Embryonic stem cell research is not the only hope for mankind, as we are typically led to believe. The prospects of adult stem cell and umbilical cord stem cell research are repeatedly ignored by media and activists who could use both to promote funding of and research in stem cell projects and totally avoid the ethical chaos that comes with working with human embyros.

    Earlier this year, Bishop Donald W. Wuerl of Pittsburgh, put his church's view clearly in a pastoral letter on human life: ''Adult stem cell research ... has been described as the most promising advance in medical science in the last decades. The Catholic Church is not opposed to the development of these therapies and remedies for a host of ailments and deficiencies that afflict the body. Stem cell research using stem cells from ethical sources is a continuation of the work that has been done for millennia by physicians and researchers seeking cures for illness and healing for the sick.''

    Sigh... deeper down in the article, the author of this article wrote:

    Senator Kerry didn't have much of a response, and most folks glossed over it and moved on. His running mate, meanwhile, would later shamelessly use the death of Christopher Reeve to play snake oil salesman: ''If we do the work that we can do in this country, the work that we will do when John Kerry is president, people like Christopher Reeve will get up out of that wheelchair and walk again.''
    I sincerely hope that the author understands what she is saying with the above statement, that people who are in wheelchairs should not hope to get out of their wheelchairs again.

  13. #43
    quote Wise: "Please understand that I am continuing to push as fast as I can to get more treatments for chronic spinal cord injury into clinical trials. It is so frustrating."

    Thanks Wise, for all your effort to find a way of reversing this tragic condition.

    The combo treatments you are wanting to test in China sound promising.

    [This message was edited by Chris2 on 04-24-05 at 02:35 AM.]

  14. #44
    I just came across a very thoughtful interview of Chris Mooney, a science policy jouranlist for the Washington Post, on the subject of embryonic stem cells. He says it better than I can.

  15. #45
    Banned Faye's Avatar
    Join Date
    May 2003
    Jacksonville, FL
    Originally posted by Wise Young:

    I just came across a very thoughtful interview of Chris Mooney, a science policy jouranlist for the Washington Post, on the subject of embryonic stem cells. He says it better than I can.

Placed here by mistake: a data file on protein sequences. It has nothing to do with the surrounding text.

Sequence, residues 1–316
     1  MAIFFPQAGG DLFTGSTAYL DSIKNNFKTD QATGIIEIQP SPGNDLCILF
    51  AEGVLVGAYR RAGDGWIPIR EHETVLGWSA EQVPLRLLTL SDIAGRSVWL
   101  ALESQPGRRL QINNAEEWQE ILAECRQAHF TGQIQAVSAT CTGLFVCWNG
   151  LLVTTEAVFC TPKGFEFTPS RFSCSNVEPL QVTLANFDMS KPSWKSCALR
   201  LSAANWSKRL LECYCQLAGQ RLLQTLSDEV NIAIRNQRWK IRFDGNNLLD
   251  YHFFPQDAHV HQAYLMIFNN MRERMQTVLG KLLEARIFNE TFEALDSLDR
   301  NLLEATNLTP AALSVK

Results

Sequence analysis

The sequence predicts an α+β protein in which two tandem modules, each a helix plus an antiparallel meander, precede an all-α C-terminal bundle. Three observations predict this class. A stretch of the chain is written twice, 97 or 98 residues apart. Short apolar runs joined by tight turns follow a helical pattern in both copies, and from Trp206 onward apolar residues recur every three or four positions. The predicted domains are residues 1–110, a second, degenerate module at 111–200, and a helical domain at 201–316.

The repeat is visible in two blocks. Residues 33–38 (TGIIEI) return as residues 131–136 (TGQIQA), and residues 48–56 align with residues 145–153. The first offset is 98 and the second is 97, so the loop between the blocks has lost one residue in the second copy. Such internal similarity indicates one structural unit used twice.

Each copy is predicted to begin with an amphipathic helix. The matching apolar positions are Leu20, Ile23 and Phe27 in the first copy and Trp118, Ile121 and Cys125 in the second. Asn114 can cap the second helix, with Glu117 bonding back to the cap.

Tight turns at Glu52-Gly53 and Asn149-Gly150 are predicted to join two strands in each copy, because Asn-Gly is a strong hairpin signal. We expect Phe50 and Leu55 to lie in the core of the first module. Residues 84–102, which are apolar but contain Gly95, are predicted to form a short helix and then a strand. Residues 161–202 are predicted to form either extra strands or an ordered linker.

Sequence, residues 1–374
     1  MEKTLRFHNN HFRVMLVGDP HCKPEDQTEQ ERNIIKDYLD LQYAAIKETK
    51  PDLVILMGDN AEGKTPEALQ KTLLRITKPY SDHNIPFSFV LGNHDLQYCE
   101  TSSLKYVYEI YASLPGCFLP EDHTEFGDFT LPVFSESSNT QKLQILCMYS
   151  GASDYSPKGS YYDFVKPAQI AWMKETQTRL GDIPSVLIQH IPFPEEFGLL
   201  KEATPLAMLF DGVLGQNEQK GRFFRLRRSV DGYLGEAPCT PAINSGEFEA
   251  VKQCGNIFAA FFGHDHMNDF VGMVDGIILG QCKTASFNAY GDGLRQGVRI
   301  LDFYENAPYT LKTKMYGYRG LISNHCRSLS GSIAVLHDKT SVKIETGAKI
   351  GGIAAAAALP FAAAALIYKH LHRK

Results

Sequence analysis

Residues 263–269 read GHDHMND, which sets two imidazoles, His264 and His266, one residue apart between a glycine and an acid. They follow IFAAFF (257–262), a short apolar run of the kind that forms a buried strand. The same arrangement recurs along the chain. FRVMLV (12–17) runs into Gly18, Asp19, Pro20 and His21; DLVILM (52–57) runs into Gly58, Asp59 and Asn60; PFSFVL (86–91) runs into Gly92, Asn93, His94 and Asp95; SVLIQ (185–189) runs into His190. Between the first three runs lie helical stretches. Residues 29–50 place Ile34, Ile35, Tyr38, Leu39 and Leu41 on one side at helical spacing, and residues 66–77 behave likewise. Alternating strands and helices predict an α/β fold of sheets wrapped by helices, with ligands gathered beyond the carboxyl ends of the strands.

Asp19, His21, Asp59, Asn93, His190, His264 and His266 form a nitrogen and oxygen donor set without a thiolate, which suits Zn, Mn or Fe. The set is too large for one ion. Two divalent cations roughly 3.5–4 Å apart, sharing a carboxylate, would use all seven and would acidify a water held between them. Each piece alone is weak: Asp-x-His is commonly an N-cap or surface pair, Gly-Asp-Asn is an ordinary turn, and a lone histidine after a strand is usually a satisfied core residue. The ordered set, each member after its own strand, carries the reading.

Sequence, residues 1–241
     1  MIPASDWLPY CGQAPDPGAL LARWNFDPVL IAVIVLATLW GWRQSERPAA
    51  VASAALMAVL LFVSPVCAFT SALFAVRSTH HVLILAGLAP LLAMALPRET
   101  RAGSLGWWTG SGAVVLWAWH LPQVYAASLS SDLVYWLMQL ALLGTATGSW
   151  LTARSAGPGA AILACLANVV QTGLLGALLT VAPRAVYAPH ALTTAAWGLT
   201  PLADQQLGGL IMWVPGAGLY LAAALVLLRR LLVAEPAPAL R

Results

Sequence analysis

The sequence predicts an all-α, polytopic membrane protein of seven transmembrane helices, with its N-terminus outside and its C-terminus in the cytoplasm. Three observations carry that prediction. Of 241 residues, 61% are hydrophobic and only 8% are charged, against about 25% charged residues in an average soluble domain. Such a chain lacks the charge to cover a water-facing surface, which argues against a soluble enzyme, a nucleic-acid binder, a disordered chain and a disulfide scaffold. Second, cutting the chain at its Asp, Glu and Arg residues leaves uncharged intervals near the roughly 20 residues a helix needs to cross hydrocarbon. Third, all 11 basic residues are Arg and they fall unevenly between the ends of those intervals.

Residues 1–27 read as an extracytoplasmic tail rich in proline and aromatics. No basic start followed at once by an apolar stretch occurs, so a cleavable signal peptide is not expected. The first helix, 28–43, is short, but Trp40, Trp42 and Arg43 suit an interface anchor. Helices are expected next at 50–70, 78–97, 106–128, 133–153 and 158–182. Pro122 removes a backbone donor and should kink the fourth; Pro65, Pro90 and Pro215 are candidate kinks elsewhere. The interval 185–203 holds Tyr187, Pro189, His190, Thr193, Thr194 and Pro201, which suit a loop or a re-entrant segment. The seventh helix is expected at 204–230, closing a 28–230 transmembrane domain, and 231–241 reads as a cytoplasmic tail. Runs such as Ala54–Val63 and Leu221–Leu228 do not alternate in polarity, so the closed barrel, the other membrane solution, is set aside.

Thank you Dr. Young.
    The interview covers it all in a very understandable way. The last two questions are a very interesting view on the ESC debate as it continues:
    Washington, D.C.: How important is federal funding to stem cell research? Can't a lot of the research be done through private funding?

    Chris Mooney: Here I think you have to begin by reflecting on this nation's long tradition, especially since World War II, of investing in scientific research that can have a domestic (and not just military) benefit. Most obviously, federal funding allows research to go forward, and allows us, as citizens, to enjoy the benefits of that work. But in controversial areas like embryonic stem cell research, federal funding also ensures--crucially--public accountability in the way that taxpayer funds get dispersed. The federal government can set ethical standards, and refuse, for example, to fund research where excess embryos are being wasted or where there's no clear scientific benefit.

    So while some of this research can perhaps be done with private funding, I think we have to ask, 'Do we really want the private sector running this field?' I would suggest that we do not. I believe that precisely because this is such a controversial area, we need public oversight of the work and high ethical standards. Incidentally, a great model for this is provided by Great Britain, where the Human Fertilisation and Embryology Authority provides tough oversight of research proposals while also allowing meritorious and ethical research to proceed.

    Alas, it now seems that in the U.S., states rather than the federal government are going to be setting and enforcing ethical standards. This could result in a crazy quilt, and we simply have to hope for the best. Earlier I quoted David Magnus and Arthur Caplan. I'd like to do so again on this point: "California has a unique opportunity to set the standards for how stem-cell research will be conducted," they note. I think the people in charge of this in California know that, and know that they'd better not blow it.


    New York, N.Y.: Has stem cell research been politicized differently or more than other types of research? I.e. is there a model for how this may play out?

    Chris Mooney: The model, I think, has got to be fetal tissue research. This was a big issue during the late Reagan years and throughout the first Bush administration. Neither would allow federal funding of this work, if I recall correctly. Then Clinton allowed it, and today there's simply no ethical debate any more. We have accepted the use of fetal tissues in research. I suspect that soon we will accept the use of discarded IVF embryos, donated for research, in precisely the same way.